How Will the Global Space Economy Evolve?

However, contrary to the predictions of the Morgan Stanley Report, there are some doubts about the future of the global space economy. For example, O’Sullivan, in an interview published in Harvard Business Review, says[3]that space economy is flourishing, but to be able to talk about a 1.1 trillion dollar economy, huge resources such as mining asteroid and minerals must come into play, not to mention interplanetary existence as well. As a result, she refers to two different space economies. On the one hand, she explains that earth-focused space activities must be carried out like telecommunication and surveillance. On the other, she mentions that new industries, such as deep space exploration and asteroid mining, must emerge. Earth-focused space activities are already flourishing day-to-day. According to Morgan Stanley’s report, consumer TV, one of the biggest earth-focused space activities, will dominate the global space economy in 2040. Then, let us focus on new fields such as interplanetary existence, asteroid mining, and private space tourism to understand how the global space economy will evolve.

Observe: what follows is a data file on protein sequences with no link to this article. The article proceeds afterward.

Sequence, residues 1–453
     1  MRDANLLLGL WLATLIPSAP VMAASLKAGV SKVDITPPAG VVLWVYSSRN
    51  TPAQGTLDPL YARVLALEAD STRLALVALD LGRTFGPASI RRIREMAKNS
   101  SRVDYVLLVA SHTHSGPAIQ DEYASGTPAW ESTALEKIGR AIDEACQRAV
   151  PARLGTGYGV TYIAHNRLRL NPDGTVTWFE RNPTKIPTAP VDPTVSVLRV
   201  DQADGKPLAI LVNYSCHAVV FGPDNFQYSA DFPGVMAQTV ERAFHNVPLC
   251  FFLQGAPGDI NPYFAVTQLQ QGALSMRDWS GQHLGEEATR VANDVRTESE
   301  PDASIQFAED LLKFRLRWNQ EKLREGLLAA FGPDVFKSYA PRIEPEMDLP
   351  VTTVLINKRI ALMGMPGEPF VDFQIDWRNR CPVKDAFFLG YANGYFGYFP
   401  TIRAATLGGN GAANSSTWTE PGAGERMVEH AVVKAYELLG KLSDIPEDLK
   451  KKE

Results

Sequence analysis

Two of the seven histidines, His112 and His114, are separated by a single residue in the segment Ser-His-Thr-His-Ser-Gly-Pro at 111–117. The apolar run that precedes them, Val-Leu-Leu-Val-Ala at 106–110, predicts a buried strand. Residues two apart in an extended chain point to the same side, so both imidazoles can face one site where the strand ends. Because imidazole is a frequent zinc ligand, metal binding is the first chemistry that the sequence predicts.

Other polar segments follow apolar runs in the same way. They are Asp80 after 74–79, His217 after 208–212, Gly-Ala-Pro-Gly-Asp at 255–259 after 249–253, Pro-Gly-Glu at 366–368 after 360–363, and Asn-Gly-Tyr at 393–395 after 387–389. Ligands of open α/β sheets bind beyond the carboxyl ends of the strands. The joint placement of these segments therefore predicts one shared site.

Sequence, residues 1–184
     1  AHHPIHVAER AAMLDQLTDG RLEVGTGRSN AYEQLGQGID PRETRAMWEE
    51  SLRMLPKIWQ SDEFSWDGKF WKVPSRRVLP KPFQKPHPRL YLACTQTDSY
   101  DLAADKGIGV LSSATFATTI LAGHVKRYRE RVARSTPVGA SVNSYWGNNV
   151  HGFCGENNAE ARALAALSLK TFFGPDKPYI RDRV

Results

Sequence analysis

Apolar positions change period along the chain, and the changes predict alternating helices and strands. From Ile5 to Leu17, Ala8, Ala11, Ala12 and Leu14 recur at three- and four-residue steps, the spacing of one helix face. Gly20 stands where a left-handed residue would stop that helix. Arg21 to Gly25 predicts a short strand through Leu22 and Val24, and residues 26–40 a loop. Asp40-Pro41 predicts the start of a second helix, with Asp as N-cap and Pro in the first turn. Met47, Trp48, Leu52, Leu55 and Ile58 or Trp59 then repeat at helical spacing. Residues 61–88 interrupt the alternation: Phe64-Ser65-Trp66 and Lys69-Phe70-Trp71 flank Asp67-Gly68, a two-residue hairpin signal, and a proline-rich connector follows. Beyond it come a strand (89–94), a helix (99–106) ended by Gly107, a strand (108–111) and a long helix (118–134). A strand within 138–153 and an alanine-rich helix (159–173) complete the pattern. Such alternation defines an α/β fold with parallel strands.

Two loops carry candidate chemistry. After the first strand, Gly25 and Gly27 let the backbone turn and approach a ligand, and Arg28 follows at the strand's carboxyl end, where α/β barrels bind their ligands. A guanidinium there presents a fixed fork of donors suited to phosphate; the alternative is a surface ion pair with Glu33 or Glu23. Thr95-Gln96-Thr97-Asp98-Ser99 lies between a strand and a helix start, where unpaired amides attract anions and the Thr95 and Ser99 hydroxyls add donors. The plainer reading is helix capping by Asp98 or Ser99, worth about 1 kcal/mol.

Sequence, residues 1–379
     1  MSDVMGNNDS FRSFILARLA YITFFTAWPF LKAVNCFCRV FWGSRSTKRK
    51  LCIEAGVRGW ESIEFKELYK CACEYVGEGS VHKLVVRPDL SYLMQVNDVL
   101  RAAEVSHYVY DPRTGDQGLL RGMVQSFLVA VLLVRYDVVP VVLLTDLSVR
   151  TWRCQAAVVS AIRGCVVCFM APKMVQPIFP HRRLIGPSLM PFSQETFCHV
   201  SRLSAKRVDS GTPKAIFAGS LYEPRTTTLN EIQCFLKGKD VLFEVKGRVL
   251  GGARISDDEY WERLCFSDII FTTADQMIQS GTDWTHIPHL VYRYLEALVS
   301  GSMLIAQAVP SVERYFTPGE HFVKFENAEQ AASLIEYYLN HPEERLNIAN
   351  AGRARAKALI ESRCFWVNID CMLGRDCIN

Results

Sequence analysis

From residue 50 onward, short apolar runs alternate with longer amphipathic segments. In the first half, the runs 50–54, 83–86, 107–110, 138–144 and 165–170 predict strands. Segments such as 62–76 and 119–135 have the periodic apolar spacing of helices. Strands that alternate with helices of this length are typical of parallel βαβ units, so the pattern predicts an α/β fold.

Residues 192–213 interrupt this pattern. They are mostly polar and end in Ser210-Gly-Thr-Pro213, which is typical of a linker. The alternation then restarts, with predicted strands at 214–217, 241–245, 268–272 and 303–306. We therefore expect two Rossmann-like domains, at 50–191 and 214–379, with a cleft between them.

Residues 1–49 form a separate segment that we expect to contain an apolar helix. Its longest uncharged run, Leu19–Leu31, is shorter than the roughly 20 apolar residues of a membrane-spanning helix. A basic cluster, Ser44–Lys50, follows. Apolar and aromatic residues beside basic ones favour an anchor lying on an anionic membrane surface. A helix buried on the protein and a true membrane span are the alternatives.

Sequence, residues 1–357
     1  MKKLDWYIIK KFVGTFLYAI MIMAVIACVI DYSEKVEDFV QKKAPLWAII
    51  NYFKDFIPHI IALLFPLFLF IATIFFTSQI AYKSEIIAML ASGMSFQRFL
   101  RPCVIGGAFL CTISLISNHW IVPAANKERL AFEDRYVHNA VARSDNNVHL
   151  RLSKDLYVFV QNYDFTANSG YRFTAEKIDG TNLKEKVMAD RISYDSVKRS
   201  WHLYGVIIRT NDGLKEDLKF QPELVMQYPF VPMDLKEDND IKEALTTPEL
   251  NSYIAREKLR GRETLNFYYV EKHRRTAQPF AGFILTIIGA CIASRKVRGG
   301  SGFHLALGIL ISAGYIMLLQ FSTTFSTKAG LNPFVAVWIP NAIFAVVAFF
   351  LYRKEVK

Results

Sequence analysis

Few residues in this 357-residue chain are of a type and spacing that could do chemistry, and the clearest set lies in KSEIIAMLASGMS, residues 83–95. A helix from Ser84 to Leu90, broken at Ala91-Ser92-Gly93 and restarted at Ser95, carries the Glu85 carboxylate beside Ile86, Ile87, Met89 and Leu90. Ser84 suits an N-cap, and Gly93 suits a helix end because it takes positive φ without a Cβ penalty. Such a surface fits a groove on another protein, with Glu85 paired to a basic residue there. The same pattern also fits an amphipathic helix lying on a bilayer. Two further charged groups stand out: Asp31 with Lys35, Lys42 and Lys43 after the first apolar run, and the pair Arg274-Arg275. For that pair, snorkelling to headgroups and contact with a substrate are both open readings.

Does asteroid mining, for instance, have the capacity to significantly contribute to the global space economy? Ten years ago, mining in asteroids seemed unrealistic, but today, there are companies operating in this field. In fact, mining asteroids is expected to become common practice in a few decades. The well-known player in the asteroid mining industry is Planetary Resources, a Washington-based company that aims to mine water and precious metals from asteroids. When precious metals are mentioned, people immediately think of gold. But physicist Stephen Hawking, in his last broadcast interview before his death, said that “gold is rare everywhere, not just on Earth,”[4]and that there are very few ways for gold to be formed, such as through the collision of neutron stars. But scientists have discovered an exception: Asteroid Psyche 16.